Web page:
En Espa—ol

Q. Who is Mr. Smarty Plants?

A: There are those who suspect Wildflower Center volunteers are the culpable and capable culprits. Yet, others think staff members play some, albeit small, role. You can torture us with your plant questions, but we will never reveal the Green Guru's secret identity.

Help us grow by giving to the Plant Database Fund or by becoming a member

Did you know you can access the Native Plant Information Network with your web-enabled smartphone?

Share

Ask Mr. Smarty Plants

Ask Mr. Smarty Plants is a free service provided by the staff and volunteers at the Lady Bird Johnson Wildflower Center.

Search Smarty Plants
    
 
See a list of all Smarty Plants questions
Can't find the answer in our existing FAQs, submit a question to Mr. Smarty Plants.
Need help with plant identification, visit the plant identification page.
 
rate this answer
3 ratings

Tuesday - September 21, 2010

From: Austin, TX
Region: Southwest
Topic: Propagation
Title: Planting star hibiscus seeds from Austin
Answered by: Barbara Medford

QUESTION:

TX star hibiscus seeds. How & when to plant in ground & in pots. Thank you, Carol

ANSWER:

Hibiscus coccineus (Texas Star Hibiscus) is, strangely enough, not native to Texas, but instead its range is from Florida to Mississippi. However, the common name makes it very popular in Texas and it grows well here, so no worries.

From Floridata, this article on Hibiscus coccineus includes these instructions on using seed:

"Propagation: By seeds or root division. Seeds should be punctured with a needle or scraped with a file before planting."

Our own Native Plant Database doesn't say a whole lot more:

"Description: Easily grown from seed."

So, we went to Jill Nokes' book How to Grow Native Plants of Texas and the Southwest. See Bibliography below. She addressed Hibiscus in general, and here is an extract from her advice:

"Some species of Hibiscus will germinate from untreated seeds gathered in the previous season, while others require slight scarification. All hibiscus should be planted outdoors after all danger of frost is past and the soil has warmed, or earlier in a greenhouse. The soil in the seedbed must be warm before germination will proceed. Sow seeds thinly about 1/4" deep in well-drained soil. Press the seeds into the soil and gently water."

"Seedlings grow relatively fast if given filtered but strong sunlight and lightly fertilized. Spring-sown seedlings will be large enough for a one-gallon container by the fall and will bloom the following spring. Transplant seeds from the flat after they have grown their third set of leaves."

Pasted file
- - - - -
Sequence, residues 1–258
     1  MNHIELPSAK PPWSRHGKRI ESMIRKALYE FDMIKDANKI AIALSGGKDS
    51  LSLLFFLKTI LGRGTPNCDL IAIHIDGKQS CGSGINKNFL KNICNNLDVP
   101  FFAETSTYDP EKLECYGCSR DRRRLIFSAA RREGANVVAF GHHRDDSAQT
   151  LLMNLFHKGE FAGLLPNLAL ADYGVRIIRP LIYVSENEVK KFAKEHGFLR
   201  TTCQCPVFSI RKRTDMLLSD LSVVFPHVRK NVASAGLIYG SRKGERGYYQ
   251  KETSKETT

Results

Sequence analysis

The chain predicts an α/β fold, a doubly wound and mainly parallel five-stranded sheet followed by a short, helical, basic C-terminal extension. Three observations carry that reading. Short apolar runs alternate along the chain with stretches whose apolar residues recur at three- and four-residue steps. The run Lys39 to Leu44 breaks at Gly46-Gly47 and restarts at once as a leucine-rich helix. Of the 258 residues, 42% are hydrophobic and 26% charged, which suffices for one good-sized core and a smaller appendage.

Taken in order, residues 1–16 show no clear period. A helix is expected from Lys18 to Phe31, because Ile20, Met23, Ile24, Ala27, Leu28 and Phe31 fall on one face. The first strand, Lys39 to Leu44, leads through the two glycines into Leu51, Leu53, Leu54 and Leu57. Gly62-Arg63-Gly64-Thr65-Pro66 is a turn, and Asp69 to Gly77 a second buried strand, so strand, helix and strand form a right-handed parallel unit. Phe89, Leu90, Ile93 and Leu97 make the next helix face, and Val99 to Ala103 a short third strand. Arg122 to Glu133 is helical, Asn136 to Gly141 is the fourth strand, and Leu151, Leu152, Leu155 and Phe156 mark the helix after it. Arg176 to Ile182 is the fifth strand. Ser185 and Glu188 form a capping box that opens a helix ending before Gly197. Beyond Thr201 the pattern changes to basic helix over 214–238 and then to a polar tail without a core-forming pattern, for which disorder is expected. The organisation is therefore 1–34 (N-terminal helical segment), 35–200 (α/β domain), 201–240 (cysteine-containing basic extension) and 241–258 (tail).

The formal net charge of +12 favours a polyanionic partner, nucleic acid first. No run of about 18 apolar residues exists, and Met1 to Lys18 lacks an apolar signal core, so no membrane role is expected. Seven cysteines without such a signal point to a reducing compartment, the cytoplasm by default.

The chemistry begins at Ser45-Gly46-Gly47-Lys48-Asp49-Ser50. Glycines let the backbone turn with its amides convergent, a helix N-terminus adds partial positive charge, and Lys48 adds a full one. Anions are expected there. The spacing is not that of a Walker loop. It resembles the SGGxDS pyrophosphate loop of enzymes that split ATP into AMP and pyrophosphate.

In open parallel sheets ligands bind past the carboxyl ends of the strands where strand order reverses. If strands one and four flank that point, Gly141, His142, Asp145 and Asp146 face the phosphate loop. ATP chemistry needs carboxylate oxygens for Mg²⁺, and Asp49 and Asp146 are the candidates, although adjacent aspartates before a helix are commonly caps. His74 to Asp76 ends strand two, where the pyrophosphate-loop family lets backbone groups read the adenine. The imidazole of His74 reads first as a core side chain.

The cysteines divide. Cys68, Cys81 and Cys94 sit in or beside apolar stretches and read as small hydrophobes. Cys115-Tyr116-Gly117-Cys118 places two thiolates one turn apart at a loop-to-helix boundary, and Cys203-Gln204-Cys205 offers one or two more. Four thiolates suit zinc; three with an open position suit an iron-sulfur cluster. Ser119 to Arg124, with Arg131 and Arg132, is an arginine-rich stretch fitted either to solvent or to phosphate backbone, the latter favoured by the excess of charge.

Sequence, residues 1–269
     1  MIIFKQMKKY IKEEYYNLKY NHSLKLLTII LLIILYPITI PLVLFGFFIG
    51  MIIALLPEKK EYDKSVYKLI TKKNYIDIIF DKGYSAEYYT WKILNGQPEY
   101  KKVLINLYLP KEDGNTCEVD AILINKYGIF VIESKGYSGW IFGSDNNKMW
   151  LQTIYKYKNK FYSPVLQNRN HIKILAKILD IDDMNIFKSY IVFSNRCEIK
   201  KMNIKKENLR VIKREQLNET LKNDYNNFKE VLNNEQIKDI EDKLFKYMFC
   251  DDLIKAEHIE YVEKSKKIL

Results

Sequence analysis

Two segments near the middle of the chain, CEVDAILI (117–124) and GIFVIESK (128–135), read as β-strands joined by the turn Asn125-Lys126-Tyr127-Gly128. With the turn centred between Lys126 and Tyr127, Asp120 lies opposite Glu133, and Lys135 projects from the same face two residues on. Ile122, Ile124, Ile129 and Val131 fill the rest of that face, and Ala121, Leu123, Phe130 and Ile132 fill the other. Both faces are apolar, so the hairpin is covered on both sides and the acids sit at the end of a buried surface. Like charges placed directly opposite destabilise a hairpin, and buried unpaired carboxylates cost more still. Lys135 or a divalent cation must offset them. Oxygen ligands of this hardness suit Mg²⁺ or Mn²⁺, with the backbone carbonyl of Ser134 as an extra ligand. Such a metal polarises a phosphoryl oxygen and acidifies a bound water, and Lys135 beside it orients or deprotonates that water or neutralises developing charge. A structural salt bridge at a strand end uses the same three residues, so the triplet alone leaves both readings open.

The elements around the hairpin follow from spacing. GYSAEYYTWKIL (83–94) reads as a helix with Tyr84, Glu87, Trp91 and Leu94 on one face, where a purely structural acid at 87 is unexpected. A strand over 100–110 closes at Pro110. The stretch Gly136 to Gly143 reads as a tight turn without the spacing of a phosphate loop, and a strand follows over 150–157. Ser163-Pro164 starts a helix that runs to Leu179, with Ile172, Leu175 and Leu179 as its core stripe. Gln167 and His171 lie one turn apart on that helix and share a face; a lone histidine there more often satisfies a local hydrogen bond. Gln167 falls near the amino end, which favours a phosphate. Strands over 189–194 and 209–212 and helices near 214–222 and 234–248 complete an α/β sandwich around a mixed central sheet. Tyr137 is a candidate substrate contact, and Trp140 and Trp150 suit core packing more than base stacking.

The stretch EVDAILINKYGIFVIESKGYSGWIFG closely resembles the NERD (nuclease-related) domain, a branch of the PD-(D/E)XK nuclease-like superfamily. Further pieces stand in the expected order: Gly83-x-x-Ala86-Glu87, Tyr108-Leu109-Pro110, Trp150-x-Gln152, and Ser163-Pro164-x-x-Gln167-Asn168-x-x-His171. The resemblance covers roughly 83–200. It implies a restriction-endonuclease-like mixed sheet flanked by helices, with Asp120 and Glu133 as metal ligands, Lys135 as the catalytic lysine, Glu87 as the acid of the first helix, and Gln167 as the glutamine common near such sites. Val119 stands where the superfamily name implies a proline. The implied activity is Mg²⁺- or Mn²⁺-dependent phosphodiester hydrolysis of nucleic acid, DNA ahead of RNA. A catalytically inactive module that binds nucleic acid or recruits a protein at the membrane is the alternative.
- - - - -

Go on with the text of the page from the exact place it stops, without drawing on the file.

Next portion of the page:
We suggest that on the subject of growing the Texas Star Hibiscus you read our How-To Article Container Gardening with Native Plants.

From our Native Plant Image Gallery:


Hibiscus coccineus


Hibiscus coccineus


Hibiscus coccineus


Hibiscus coccineus

 

 

 

 

 

 

More Propagation Questions

Propagation of Chandler's craglily from San Marcos TX
December 16, 2012 - Can you please advise me on collecting and propagating seed from Chandlerís craglily -Echeandia chandleri. I have 2 plants that came from the wildflower center. They never seem to multiply, but they d...
view the full question and answer

Crossbreedding of Lupinus polyphyllus and L. perennis
June 25, 2007 - Hello, can Lupinus polyphyllus and L. perennis crossbreed? I have both and want to keep perennis genetically pure, is the only way to do this is to get rid of the polyphyllus?
view the full question and answer

Propagating Quercus agrifolia (Coast Live Oak)
November 08, 2013 - I am a gardener for the city of San Francisco. I am just curious about the best way to prepare an acorn from Quercus agrifolia for planting. I have heard many ideas about using sandpaper and microwavi...
view the full question and answer

Kinnikinnick for a green roof
July 04, 2012 - Hi Mr. Smarty Plants, I live just north of Seattle and want to build a green roof (outdoor kitchen) I'm concerned about the weight of the soil (saturated), drainage etc. am building from scratch and...
view the full question and answer

germinating Gulf coast penstemon and purple coneflower
June 03, 2011 - I'm interested in propagating gulf coast penstemon (penstemon tenuis) from seed. Do I have to mascerate the 'berries' to remove the pulp from the seed, and do I have to stratify the seed to get th...
view the full question and answer

Smarty Plants's Facebook profile Support the Wildflower Center by Donating Online or Becoming a Member today.

Mr. Smarty Plants wants you to be his Facebook friend. Click the Facebook icon to add yourself to Mr. Smarty Plants list of friends.
E-NEWSLETTER | BECOME A MEMBER | DONATE NOW | MEDIA | SITEMAP
© 2014 Lady Bird Johnson Wildflower Center